newspaper

One of my biggest learning from writing this blog is the power Google wields. Building a following that is loyal and reads whatever you write is incredibly hard; much easier to appeal to the Google gods to send traffic your way.

I understand this, and I’m writing a rinky-dink blog.

The newspaper publishing industry in Spain doesn’t, so they lobbied the government to enact a law so newspapers can charge Google every time snippets appear on Google News. This wouldn’t just apply to Google News but to all other news aggregators too like feecha.

Google responded the way I would’ve and called their bluff — by pulling Google News out of Spain and excluding Spain-based newspapers from Google News.

Here’s the industry’s response:

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You might have seen the $8 for 8 weeks trial for the digital version of the Wall Street Journal. If you’re tempted, thinking, I can always just cancel at the end of the 8 weeks: don’t.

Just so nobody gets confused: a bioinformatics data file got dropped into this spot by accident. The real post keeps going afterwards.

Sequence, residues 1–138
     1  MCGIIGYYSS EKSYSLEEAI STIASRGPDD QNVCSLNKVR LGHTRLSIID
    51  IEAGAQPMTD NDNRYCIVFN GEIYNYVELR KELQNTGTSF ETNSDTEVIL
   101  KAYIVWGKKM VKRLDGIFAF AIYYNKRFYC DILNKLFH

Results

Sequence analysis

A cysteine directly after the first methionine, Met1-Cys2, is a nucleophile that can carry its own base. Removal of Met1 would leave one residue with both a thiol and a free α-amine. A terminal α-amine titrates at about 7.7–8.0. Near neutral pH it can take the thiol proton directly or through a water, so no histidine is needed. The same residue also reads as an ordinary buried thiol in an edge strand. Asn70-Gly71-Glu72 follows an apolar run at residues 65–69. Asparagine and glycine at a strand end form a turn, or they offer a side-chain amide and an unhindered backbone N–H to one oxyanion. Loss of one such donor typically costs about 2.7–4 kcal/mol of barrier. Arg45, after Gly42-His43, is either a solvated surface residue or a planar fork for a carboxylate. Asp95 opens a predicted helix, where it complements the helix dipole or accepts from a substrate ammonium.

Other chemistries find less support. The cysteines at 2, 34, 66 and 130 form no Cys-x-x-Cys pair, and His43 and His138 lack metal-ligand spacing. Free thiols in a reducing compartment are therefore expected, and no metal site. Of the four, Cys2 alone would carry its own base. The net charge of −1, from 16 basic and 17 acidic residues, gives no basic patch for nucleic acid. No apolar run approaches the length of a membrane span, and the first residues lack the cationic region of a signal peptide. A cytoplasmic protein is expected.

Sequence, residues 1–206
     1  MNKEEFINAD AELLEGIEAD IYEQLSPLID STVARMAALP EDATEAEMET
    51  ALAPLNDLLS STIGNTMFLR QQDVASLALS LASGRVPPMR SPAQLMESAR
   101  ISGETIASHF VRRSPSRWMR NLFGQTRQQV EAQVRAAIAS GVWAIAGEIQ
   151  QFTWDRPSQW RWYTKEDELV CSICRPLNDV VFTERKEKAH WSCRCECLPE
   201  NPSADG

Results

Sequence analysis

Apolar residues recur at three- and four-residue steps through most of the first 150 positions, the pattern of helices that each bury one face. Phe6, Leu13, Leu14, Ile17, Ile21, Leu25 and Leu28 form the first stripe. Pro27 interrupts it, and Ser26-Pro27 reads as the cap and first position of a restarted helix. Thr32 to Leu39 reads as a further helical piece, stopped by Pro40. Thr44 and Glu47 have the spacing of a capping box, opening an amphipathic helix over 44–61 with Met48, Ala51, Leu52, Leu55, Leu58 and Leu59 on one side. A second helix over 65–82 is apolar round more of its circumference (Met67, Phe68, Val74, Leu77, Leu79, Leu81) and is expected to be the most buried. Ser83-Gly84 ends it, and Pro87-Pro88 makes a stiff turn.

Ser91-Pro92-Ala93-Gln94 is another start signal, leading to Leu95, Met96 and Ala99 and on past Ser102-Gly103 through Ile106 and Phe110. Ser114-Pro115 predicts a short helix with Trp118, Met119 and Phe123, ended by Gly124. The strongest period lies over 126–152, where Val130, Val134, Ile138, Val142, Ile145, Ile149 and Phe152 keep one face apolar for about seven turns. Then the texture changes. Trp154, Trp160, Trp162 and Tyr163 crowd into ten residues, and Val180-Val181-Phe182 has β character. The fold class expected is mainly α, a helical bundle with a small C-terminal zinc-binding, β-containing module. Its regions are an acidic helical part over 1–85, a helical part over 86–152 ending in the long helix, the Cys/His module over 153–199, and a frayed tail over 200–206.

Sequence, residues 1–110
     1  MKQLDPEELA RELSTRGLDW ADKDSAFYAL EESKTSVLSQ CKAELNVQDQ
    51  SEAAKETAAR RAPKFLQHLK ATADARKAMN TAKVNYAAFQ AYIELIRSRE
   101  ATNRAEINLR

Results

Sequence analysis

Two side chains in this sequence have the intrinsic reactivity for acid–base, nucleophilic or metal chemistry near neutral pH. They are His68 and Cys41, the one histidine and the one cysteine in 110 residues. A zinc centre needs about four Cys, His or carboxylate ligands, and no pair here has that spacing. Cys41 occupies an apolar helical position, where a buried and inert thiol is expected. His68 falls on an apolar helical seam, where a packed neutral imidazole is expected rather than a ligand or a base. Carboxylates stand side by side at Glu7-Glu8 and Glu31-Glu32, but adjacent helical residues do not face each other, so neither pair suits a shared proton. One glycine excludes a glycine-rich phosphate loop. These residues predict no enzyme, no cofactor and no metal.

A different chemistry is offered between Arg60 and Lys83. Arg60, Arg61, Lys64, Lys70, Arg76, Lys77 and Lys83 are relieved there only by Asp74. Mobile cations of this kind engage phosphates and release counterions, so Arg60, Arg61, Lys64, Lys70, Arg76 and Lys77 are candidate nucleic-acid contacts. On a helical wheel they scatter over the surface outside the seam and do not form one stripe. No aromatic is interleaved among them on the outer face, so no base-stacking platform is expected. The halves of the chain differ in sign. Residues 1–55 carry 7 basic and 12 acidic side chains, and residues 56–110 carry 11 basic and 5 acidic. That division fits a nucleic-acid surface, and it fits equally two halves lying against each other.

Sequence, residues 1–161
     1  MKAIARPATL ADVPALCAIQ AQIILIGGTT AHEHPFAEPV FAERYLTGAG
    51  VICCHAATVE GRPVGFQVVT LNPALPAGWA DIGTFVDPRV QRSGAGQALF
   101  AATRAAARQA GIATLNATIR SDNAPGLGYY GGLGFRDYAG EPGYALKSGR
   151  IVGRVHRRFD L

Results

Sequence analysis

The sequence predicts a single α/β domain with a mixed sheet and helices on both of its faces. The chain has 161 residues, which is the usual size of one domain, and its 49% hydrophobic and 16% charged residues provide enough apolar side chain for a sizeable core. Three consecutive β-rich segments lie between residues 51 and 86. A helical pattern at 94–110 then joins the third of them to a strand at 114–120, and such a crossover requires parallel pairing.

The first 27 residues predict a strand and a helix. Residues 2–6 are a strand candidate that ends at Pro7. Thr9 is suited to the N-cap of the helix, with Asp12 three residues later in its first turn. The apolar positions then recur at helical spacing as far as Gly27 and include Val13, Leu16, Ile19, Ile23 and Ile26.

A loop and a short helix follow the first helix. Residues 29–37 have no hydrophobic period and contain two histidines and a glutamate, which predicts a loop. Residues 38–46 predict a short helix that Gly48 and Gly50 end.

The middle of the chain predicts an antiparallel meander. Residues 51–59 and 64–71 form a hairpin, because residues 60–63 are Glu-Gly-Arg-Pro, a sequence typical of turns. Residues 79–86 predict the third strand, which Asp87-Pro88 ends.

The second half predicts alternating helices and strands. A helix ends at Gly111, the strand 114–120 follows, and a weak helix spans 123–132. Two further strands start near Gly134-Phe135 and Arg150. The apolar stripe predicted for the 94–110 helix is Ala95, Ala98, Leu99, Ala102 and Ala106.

That’s what I thought, and why I took the trial and put down my credit card information. The 8 weeks came by quickly and saw on my credit card statement that I was billed the subsequent monthly amount. Even though I read maybe two articles on the WSJ during that time span…no problem. Went to the website, tried to find a cancellation button, couldn’t, and fired off an email with all my details to cancel.

Two months of busy life go by. Nothing from the WSJ. I check my credit card statement again and…WTF, saw two more monthly charges from the good journal. Now I really go through the site, trying to find out how to cancel the subscription. Buried in the FAQs section I finally see my answer:

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